Scaling Threat Intelligence Practices with AutomationReturn to TOC presented at FIRST 2014

by Douglas Wilson,

Summary : Despite being one of the latest industry buzzwords, properly executed threat intelligence programs are a key tool in empowering network defenders and leveling the playing field against modern threat actors.
Most organizations are currently focused on the idea of building the puzzle pieces of an intelligence program, but without a clear view of how to put them together once built. Taking into account how the pieces are going to fit and interact with others as you build them rather than after the fact will allow for a smoother assembly; and ultimately yield a whole that is greater than the sum of its parts.
Building on last year's FIRST presentation where Mr. Wilson focused specifically on threat intelligence sharing, Mr. Wilson will discuss the challenges that Mandiant has faced with scaling a threat intelligence practice as a whole. Using standard methods of recording and communicating threat indicators (such as the open source OpenIOC standard) are but one piece of the puzzle -- automation needs to be spread across all viable tasks in the intelligence life cycle. To deal with the volume of data available with modern malware and the resources available to modern threat actors, an enterprise needs to not only learn threat intelligence, but how to scale it as well.
This presentation will walk through what an organization needs to do to adopt a generic intelligence life cycle, and will then talk about how Mandiant has implemented specific customizations in process and automation to fill needs as the volume of intelligence sources has exploded. These may not be the same for all enterprises, but lessons learned from these examples could be used to customize an intelligence life cycle for your enterprise's specific needs.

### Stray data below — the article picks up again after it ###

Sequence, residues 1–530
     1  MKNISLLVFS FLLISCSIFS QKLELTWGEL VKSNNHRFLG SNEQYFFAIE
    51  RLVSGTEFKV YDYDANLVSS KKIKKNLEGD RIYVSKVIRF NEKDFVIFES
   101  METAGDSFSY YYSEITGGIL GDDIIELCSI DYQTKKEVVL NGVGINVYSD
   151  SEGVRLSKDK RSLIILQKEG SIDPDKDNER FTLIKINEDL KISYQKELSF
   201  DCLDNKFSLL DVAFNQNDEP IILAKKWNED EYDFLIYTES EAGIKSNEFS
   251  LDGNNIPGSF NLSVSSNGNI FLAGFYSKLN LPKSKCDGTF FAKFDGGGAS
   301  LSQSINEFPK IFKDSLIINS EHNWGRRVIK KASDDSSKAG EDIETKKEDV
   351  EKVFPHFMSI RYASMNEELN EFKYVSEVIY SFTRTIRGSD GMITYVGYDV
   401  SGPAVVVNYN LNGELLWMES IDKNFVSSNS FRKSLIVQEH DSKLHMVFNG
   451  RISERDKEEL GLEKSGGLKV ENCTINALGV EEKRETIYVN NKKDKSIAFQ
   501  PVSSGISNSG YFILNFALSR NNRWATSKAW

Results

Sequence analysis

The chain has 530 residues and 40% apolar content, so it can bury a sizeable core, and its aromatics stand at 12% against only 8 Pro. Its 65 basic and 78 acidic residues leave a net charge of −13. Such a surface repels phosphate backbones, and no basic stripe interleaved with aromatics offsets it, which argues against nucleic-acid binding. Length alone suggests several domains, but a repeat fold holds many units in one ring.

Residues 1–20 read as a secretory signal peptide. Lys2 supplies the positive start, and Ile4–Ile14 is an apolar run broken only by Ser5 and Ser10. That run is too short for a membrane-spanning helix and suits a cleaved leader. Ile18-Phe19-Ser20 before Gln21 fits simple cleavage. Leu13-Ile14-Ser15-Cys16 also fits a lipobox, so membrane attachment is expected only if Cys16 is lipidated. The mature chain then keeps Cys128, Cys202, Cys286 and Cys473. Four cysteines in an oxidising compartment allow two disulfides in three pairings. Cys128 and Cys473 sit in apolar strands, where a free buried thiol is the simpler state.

This presentation will also explore the all-important idea of context, and preserving it in your Intelligence life cycle. Detection can occur at various points in the attacker life cycle. In most cases, once detection happens, network defenders are left to ask "now what do we do?" A mature threat intelligence system not only gives the context of the detection, but then links to other intelligence documents that suggest further investigation and courses of action, allowing the knowledge of subject matter experts to empower defenders throughout an enterprise, and even defenders in partner organizations that threat intelligence is shared with.
Attendees should leave with an overview of what is required to establish a viable threat intelligence life cycle, some of the challenges in scaling threat intelligence to the volume of information available in the modern threat environment, and paths to solutions that have worked for an industry leading incident response company.